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Dog strollers and emotional revelations

We wanted to get out and about recently to enjoy the good weather we were lucky enough to have in the UK, but we had a problem. How could we take Star out and about when she is only able to use three legs? Since her cruciate ligament rupture she has been completely lame in her hind right leg. Then we remembered the stroller we bought when she was a tiny puppy. We ordered it before we even brought Star home as we suspected she would never manage to keep up with or cover the distances that Buddy does. We were wrong; once she was about ten months old she has had no problem keeping pace with our Labrador. She did use the stroller when she was little, and we brought it back out to save her being trodden on at a crowded carol concert in the town square, but apart from that it has been seldom used.


Now we really needed it once more. We went off to Ellesmere, in north Shropshire,to walk around the picturesque lake and fit in some geocaching (more about that in a future post). It was a glorious day, every tree seemed to have come into blossom, and I was glad we had all made it out and about to enjoy the day. Star was at first outraged to be confined to the stroller, but soon relaxed and sat up in a begging position watching where she was going. The only problem I anticipated was any negative comments that might come our way. That may seem an odd thing to say, but sometimes Star simply being a small white fluffy dog causes some people to say something along the lines of her not being a "proper" dog. If we have ever carried her for any reason that has caused a greater incidence of negative comments, but put a small white fluffy dog in a stroller and some people think it's open season.


So I was ready with a withering repost, but refreshingly none came. There were lots of indulgent smiles, and lots of people pointed her out, and I even heard one woman explaining to her grandchild, "Oh look that doggy is old and needs to have a ride." Thankfully though, the nasty comments did not come our way. But I did find myself explaining time after time, "She's ruptured her cruciate ligament that's why she's in the stroller." After a while I started to wonder why I felt compelled to justify our use of the stroller. We had used it before and I had not felt at all embarrassed then, besides which what did it matter what these strangers thought of us? And then I realised; it was a beautiful day and we were at the park where every other dog was running round and having a wonderful time, yet poor old Star was stuck in the stroller. I was justifying myself because what we were doing made no sense unless you knew why we were doing it. Had I seen someone else not allowing a dog to enjoy a run round at the park I would have thought it absurd, so I assumed strangers would make that judgment about us, and I was forestalling it.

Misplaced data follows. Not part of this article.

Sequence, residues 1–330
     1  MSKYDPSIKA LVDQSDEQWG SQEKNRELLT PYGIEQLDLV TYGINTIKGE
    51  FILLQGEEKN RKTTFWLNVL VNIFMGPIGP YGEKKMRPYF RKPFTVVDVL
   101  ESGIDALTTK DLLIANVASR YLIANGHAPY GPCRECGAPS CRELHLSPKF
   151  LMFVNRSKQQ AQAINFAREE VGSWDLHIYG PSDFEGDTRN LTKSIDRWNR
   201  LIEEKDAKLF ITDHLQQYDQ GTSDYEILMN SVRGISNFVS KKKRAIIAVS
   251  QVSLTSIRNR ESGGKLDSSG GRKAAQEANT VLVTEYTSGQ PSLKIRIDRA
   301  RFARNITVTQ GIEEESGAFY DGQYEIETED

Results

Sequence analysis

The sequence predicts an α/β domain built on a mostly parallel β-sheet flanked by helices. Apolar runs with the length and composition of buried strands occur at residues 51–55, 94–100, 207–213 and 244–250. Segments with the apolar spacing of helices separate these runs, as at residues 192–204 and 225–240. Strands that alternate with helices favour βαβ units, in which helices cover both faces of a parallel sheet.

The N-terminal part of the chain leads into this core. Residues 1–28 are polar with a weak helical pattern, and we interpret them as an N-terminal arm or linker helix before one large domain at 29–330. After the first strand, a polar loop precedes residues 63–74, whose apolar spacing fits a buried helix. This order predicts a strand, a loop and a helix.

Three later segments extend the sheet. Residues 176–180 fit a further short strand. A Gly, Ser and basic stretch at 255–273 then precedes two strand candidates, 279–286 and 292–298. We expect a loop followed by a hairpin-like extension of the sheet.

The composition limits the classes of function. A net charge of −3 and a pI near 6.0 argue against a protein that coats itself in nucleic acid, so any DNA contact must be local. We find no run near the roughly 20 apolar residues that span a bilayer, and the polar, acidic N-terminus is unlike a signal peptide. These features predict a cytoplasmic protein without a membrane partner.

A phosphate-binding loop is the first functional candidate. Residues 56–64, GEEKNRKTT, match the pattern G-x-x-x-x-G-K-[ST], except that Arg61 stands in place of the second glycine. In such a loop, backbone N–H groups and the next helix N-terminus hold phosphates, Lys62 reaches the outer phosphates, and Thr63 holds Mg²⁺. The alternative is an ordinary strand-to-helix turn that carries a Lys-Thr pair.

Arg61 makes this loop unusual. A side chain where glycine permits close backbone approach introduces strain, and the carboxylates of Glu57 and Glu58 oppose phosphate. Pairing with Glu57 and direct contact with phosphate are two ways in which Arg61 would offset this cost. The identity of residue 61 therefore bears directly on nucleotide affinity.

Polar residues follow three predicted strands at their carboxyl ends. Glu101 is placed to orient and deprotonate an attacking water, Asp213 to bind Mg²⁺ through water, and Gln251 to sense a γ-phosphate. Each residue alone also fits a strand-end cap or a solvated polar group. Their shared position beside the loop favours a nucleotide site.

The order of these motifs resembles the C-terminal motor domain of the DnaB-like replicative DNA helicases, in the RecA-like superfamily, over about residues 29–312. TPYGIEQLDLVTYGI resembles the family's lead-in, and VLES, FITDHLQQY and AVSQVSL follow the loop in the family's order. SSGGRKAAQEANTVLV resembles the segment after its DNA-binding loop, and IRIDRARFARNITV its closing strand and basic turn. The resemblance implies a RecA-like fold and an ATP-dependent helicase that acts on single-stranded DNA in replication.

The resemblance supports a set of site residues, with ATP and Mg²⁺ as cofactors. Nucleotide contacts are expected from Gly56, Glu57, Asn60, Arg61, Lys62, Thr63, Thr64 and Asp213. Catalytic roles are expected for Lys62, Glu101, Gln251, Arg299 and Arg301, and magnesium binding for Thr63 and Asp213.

A few days later my behaviour puzzled my again. Over the years I have talked to many people who've lost their pet and told them that their grief is justified, that they are entitled to the emotions they are experiencing, and that they should not let anyone belittle their feelings. Yet I found myself telling friends about Star's problem, and then saying something like, "I know there's bigger problems in the world, but you know, she's our dog so of course we're worried." I was at it again, I was justifying myself. Why? I got quite cross with myself because I hate that "It's just a dog" attitude so why did I feel the need to defend what I was going through.


After a little reflection I realised that I was embarrassed by the strength of my feelings for Star, and I suspected that they were out of proportion when you set the problems of one dog against the backdrop of all the horrible things going on in the world. When you think of all the truly evil things done, the war, the famine, the disease, the financial suffering around the world, not to mention the vast number of people stranded or struggling to get home with the grounding of so many planes due to the volcanic ash in the atmosphere, did I really have the right to be so upset over one little dog?


And the answer, I believe, is yes. She may be only one little dog, her injury is fixable, not life threatening, and hopefully she will get back to normal or very near it, but she is our dog, we love her and so we worry about her. I think it is the very strength of people's worry or grief for their dogs that makes them feel they are not entitled to feel that way. I was overwhelmed by the dismay, panic and anxiety that washed over me about Star, and I fell victim to exactly what I've told others not to - I worried that I loved a dog too much. But when you live with a creature that loves you unreservedly, that wears their heart on their sleeve, is overjoyed to greet you each time you come home, and is always ready to keep you company, how can you possibly love that "too much"?


So I admit freely that with Star due to have her surgery tomorrow I am scared for her, and for Jenny and for me. I am worried about the pain Star will go through, and how she will cope with the long confinement of the recovery process. I am dismayed, panicky and anxious, and do you know what, that's exactly how I should feel.


Take care,


Julie xx




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